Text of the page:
COLUMBIA — Scott Wilson doesn’t think of himself as a rabble-rouser. He was just curious how the recent rainfall was affecting Grindstone Creek at a city bridge project.
Wilson, a videographer known for recording local bands, went to the $8.25 million Maguire Boulevard extension site and shot video of water and sediment pouring into the creek. The video showed evidence of erosion from the heavy rain that had fallen hours earlier.
Wilson uploaded the video on YouTube, which he he refers to as the “soil of democracy,” and sent the link to the city and the Missouri Department of Natural Resources. The city's Public Works Department promptly e-mailed him back, acknowledging the video, and a state Department of Natural Resources inspector showed up Wednesday morning.
The rain at the beginning of the week dislodged some of the silt fences and collapsed part of a rock berm put in place to keep sediment out of Grindstone Creek.
The standards for stormwater control are designed to deal with up to 1 inch of rain in 24 hours; Sanborn Field at MU recorded 2.13 inches on Monday.
Vineet Kapila, a city construction inspector for the Maguire Boulevard project, said he inspects the site once a week as well as after each significant rainfall.
After Wednesday's visit, state inspector Matt Sperry gave the city and its contractor, Emery Sapp & Sons, seven days to replace silt fences that had been dislodged and update paperwork on its plans to control runoff.
“I can’t cite you for the water level being up,” Sperry told city officials. “I can cite you for the (stormwater prevention plan) not being updated and silt on the other side of the fences.”
Sperry said his official report will detail all of his findings. Overall, he said, “It could have been a lot worse.”
The Department of Natural Resources relies on citizens to alert the agency to potential problems, Sperry said.
“With a bridge project, there’s always the potential to impact the stream,” he said. “It’s just trying to minimize that impact.”
Kapila told Wilson in an e-mail on Tuesday that he was “aware that Grindstone Creek had flooded.” Once water levels returned to normal, Kapila said, the site would be inspected and the contractor would be told what corrections would need to be made.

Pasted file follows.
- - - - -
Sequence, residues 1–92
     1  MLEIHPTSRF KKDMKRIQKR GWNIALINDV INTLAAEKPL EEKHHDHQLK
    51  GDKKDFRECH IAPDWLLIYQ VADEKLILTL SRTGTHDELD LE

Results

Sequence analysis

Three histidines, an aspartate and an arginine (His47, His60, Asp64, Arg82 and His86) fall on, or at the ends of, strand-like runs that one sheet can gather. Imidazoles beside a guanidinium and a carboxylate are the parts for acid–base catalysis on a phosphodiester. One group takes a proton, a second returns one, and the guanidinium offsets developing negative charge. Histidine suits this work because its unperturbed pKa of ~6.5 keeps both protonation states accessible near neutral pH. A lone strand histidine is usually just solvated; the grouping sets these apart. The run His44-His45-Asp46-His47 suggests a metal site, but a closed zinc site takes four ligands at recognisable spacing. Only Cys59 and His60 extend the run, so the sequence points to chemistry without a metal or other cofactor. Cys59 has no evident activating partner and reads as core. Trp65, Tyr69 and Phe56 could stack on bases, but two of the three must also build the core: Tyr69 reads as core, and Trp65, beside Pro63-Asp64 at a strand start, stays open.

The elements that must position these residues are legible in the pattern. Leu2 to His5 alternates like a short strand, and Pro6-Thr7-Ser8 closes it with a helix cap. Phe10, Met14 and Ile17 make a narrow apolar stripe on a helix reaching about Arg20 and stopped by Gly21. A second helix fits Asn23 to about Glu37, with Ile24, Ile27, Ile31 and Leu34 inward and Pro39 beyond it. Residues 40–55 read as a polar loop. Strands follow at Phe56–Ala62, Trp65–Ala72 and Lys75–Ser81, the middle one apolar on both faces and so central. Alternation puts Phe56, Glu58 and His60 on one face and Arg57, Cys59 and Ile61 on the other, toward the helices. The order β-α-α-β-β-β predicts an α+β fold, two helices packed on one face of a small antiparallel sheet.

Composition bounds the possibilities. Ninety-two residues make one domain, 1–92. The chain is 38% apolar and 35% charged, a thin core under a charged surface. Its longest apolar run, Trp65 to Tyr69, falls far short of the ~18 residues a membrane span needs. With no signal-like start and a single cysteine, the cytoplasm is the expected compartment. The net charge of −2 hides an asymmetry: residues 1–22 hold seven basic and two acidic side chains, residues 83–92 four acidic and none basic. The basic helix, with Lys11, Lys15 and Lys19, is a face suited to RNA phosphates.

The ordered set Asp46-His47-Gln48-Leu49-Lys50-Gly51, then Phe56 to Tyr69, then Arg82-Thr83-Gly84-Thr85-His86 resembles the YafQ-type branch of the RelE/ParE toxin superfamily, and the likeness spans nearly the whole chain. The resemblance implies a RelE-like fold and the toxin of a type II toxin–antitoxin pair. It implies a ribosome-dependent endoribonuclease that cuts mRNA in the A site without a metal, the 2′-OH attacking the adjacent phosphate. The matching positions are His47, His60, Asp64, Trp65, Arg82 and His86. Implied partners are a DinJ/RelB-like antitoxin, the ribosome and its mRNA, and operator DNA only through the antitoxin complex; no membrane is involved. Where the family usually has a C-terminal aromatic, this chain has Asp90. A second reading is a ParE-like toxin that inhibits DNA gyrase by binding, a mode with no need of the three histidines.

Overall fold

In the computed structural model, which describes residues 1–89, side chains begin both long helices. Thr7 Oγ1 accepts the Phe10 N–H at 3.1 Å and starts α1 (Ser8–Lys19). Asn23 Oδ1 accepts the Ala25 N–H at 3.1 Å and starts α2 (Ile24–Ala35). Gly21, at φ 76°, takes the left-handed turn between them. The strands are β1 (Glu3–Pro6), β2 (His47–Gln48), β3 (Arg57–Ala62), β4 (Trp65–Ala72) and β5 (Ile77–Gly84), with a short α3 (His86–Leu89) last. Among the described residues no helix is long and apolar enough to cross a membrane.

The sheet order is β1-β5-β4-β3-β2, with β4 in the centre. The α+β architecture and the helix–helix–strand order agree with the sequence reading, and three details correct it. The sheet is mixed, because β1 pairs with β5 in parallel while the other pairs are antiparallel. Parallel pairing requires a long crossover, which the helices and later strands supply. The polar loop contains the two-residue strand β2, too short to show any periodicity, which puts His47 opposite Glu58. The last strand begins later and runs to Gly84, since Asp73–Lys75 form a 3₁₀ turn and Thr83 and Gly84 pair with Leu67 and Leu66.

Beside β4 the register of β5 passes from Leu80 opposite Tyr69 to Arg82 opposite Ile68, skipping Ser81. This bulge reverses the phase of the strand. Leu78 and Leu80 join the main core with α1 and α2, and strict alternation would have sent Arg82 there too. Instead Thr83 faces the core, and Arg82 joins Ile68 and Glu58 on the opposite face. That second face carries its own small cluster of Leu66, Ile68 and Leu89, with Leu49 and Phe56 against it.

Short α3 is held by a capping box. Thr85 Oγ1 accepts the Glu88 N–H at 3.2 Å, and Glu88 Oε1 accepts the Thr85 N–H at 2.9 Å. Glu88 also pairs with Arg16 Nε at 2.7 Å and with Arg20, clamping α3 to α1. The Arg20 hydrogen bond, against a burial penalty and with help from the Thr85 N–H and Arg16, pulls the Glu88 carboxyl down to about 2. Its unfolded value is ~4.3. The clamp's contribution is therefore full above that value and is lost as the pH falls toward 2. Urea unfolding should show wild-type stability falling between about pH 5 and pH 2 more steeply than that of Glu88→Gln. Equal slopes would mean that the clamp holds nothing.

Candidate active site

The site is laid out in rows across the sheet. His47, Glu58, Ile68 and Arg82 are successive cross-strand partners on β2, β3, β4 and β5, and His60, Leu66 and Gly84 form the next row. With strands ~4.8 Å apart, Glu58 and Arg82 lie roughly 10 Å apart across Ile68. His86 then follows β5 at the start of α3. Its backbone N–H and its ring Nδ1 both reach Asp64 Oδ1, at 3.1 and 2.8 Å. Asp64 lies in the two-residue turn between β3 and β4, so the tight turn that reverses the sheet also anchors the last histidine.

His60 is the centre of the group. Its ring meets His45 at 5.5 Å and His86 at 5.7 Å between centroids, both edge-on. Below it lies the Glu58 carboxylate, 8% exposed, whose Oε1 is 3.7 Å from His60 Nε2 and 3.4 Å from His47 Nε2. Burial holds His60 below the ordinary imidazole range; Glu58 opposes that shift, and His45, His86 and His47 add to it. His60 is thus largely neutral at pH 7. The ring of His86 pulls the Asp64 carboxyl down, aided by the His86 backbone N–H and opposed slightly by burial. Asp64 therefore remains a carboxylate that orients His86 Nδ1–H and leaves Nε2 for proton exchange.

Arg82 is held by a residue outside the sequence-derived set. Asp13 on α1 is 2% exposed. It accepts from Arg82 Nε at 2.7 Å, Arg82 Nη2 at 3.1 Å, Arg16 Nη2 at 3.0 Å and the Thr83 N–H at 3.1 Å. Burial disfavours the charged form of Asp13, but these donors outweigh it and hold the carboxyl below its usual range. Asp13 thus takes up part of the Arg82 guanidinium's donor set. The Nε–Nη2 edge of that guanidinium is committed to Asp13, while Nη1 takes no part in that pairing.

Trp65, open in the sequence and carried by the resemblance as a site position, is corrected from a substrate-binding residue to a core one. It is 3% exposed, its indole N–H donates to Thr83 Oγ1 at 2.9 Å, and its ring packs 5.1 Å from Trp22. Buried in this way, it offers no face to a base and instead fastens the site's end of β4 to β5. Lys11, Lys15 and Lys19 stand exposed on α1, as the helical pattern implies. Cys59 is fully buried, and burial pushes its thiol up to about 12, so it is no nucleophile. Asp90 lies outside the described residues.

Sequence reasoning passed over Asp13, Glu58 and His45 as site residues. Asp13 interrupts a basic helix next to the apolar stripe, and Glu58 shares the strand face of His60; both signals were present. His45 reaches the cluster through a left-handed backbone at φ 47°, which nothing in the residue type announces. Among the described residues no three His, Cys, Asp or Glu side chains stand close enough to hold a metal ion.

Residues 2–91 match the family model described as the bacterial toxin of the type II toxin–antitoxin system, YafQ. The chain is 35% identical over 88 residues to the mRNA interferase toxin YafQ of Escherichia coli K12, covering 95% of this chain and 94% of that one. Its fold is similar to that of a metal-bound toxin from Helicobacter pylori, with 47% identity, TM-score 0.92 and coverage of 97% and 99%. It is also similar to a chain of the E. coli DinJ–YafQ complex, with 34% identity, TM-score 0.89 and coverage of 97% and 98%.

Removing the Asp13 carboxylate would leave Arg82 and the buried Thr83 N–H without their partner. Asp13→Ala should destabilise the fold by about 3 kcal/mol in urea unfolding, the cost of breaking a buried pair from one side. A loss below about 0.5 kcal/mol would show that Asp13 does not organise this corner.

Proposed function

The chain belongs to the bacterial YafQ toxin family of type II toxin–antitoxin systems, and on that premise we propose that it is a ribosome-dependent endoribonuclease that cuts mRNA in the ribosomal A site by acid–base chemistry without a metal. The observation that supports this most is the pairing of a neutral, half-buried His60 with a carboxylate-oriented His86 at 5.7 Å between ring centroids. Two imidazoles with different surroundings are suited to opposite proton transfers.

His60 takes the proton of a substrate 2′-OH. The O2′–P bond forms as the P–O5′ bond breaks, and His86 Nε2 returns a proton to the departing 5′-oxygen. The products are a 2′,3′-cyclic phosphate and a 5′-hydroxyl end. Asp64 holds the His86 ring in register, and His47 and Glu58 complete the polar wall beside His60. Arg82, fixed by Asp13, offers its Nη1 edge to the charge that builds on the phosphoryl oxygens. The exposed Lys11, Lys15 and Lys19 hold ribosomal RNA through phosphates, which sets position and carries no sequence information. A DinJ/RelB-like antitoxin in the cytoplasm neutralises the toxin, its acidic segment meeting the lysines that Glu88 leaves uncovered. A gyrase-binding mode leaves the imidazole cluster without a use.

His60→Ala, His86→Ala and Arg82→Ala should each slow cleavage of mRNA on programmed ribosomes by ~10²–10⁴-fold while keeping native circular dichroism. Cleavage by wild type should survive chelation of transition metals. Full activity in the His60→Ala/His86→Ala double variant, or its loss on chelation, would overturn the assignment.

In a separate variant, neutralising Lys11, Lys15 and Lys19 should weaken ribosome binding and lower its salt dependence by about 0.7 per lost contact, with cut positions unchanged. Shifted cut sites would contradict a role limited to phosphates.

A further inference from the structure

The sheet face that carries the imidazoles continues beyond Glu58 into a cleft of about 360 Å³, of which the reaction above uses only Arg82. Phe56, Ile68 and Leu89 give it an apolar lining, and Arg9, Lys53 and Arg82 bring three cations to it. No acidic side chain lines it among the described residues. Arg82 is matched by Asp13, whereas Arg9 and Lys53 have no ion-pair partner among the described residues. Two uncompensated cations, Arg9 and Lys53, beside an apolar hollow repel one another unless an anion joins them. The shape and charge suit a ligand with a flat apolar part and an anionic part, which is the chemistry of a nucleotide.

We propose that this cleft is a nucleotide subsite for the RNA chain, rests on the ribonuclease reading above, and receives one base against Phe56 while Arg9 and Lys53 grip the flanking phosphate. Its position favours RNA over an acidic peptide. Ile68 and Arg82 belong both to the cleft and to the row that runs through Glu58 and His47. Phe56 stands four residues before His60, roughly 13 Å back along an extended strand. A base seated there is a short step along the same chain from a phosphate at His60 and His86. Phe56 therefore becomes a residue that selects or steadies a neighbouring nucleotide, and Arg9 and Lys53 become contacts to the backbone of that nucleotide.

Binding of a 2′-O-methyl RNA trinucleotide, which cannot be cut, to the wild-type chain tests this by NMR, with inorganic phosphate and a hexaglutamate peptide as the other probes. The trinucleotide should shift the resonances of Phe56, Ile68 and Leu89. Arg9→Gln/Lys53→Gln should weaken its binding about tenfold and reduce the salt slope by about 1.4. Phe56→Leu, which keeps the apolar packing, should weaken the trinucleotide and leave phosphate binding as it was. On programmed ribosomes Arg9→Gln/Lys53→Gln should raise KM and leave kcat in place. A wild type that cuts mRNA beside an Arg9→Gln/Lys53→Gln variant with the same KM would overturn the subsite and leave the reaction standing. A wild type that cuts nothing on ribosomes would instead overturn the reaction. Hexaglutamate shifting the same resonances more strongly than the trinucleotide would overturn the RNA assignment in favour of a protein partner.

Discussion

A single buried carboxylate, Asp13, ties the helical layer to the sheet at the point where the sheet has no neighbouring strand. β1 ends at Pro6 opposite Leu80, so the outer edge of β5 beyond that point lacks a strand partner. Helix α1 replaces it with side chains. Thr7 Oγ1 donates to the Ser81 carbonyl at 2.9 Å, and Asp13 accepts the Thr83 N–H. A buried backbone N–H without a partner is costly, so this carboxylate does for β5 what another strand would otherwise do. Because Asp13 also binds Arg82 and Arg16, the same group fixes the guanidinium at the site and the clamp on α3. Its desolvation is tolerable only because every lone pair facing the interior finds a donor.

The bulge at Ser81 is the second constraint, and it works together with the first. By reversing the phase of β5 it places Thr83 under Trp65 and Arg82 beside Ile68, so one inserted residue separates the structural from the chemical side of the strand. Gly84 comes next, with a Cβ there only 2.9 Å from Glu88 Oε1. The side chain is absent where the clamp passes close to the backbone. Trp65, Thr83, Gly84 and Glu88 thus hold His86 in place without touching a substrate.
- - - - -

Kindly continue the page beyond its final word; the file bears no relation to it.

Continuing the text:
Sperry said he found “nothing extreme” during his inspection. “The unfortunate thing about nature is you can’t control it,” he said.
Construction Project Manager David Bugg of Public Works said the city has gone beyond what it must do to minimize the impact of the bridge project. He pointed to the numerous berms and detention basins sprinkled throughout the project site. And when it rains like it has, he said, there’s only so much the city can do.
“People take videos of a creek overflowing its banks and want to say it’s major erosion,” Bugg said.
Wilson doesn’t buy the flooding excuse.
“Every time we get 2 inches of rain and a creek gets swollen, that’s a flood event?” he said.
Although Wilson said he knows the corrections will be made, he’s tired of apologies and fixes after the fact. “The astonishing thing is, if they were up to spec, then what are we going to do, because it doesn’t work,” he said. “This is a city project, and it should be a flagship for protecting these streams."
At the beginning of May, members of the City Council, along with Public Works Director John Glascock and City Manager Bill Watkins, inspected the same area after Sixth Ward Councilwoman Barbara Hoppe expressed concerns about significant silt being swept into the Grindstone Creek. She also expressed frustration with the state's standards for controlling runoff.
At the time, Glascock said the department had stepped up its erosion control as well as assign a staff member to monitor the process across the city.
Wilson said he’s eager to see the findings from the state inspection, but he said it may be that he’s learned a disappointing lesson: growth, infrastructure and automobiles outweigh the quality of streams and drinking water.
“When you enjoy the natural beauty of Columbia, I don’t care what the specs say, I don’t care what the regulations say,” he said. “When you see a site like this it makes your heart go, damn.”
To see all of Scott Wilson's videos, go to his YouTube page here.